India’s top startup Byju’s lenders seek quicker part-payment of $1.2 bln loan

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A group of creditors to Byju’s, India’s most valuable startup, has asked the company to immediately repay part of a $1.2 billion loan they recently bought into as they renegotiate terms of the debt, according to people familiar with the matter.

The lenders have hired Houlihan Lokey Inc. to advise them on amending covenants after the edtech titan breached terms, including a September deadline for filing its results for the year ended March 31, 2022, the people said, asking not to be identified as the information isn’t public. Rothschild & Co. is representing Byju’s in the talks, they said.

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Most of the lenders in this group bought the debt from primary holders in September, when the loan slumped to a record 64.5 cents, and are seeking to profit from accelerated repayment, two of the people said. Spokespersons for Byju’s, Houlihan Lokey, and Rothschild declined to comment.

The loan was trading at 80 cents on the dollar on Monday, while similar debt from another Indian startup Oyo Hotels is holding close to the issue price, according to data compiled by Bloomberg.

The renegotiated terms that Byju’s has already agreed with a majority of the lenders include providing monthly business updates, hiring a chief financial officer, and increasing the interest rate on the loan, the people said. The company is seeking to restructure the loan as it struggles with steep losses and meeting its cost reduction targets, Bloomberg News reported earlier this month.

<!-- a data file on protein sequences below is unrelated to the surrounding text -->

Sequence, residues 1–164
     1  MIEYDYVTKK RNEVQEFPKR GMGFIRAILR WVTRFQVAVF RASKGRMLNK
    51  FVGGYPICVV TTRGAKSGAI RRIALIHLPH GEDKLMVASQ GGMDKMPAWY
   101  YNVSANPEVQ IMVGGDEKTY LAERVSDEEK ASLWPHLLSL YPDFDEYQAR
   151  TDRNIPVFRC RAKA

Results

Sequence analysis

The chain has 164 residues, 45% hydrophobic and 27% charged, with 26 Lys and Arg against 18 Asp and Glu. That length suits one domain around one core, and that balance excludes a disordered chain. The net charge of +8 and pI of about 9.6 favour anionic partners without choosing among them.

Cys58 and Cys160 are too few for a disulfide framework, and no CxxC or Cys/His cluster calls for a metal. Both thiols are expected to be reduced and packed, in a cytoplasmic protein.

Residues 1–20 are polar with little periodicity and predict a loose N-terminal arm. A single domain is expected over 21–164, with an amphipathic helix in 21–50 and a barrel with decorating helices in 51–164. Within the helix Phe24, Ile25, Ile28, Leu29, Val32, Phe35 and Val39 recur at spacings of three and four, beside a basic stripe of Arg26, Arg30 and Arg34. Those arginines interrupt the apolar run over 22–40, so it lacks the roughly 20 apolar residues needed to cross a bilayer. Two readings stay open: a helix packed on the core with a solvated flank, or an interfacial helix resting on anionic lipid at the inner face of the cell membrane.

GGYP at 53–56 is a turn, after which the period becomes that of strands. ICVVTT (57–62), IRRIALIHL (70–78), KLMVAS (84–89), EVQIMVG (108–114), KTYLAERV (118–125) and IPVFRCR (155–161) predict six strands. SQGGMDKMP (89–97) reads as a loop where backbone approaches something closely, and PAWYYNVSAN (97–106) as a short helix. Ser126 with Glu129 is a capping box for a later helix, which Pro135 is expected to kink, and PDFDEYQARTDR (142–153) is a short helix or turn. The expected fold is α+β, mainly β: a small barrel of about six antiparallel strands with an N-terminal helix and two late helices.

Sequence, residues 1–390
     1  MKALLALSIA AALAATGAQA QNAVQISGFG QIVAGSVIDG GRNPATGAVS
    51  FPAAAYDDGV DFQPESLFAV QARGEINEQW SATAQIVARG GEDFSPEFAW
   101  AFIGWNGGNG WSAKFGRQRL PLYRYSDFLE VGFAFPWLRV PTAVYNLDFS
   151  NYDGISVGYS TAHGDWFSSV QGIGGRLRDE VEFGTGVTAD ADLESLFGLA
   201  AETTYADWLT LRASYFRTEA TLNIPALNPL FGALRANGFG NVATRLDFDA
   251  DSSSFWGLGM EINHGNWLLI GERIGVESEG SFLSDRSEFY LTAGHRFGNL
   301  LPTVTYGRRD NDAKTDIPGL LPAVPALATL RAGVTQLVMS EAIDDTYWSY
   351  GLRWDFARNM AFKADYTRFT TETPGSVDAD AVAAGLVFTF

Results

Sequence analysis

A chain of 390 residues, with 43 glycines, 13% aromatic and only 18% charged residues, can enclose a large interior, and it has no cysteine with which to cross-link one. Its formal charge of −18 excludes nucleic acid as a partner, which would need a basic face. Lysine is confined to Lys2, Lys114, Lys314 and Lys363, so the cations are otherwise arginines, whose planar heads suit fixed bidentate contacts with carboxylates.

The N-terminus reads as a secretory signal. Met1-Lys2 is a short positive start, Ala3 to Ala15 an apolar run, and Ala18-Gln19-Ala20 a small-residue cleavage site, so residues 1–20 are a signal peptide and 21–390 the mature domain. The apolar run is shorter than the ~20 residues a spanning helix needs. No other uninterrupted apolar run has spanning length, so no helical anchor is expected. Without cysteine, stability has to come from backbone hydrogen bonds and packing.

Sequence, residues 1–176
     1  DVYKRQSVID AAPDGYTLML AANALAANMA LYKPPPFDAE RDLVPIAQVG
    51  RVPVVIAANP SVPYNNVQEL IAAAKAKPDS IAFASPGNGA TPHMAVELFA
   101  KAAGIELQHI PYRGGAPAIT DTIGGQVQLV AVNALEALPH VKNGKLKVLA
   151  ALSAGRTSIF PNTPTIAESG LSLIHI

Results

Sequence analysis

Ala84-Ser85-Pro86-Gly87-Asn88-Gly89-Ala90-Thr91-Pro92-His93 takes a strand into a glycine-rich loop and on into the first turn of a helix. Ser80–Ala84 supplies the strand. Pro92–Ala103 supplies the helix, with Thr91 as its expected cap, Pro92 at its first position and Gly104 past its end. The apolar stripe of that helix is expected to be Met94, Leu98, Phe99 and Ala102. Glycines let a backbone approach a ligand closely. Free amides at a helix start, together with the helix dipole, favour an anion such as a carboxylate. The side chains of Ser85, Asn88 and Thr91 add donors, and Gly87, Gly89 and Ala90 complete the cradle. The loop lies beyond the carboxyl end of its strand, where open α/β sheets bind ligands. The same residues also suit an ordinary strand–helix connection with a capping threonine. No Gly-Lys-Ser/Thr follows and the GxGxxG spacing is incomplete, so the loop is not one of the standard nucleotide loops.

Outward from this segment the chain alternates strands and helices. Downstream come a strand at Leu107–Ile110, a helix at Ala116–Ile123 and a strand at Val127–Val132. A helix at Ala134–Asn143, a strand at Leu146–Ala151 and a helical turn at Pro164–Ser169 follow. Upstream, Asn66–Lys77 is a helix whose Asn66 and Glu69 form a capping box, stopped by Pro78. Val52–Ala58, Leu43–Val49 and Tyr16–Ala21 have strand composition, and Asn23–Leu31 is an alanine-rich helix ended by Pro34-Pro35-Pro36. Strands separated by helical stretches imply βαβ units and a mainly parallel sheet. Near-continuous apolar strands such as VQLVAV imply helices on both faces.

However, a small group of creditors are still holding out asking the company, valued at $22 billion, to use its US unit’s cash reserves of about $850 million to prepay part of the year-old loan, the people said.

The loan, priced at 550 points over Libor in November 2021, is one of the largest unrated term loan B offerings ever from a new-age company worldwide, according to JPMorgan Chase & Co., one of the deal’s bookrunners.

Read more: Most valuable Indian startup Byju’s seeking to restructure $1.2 billion loan

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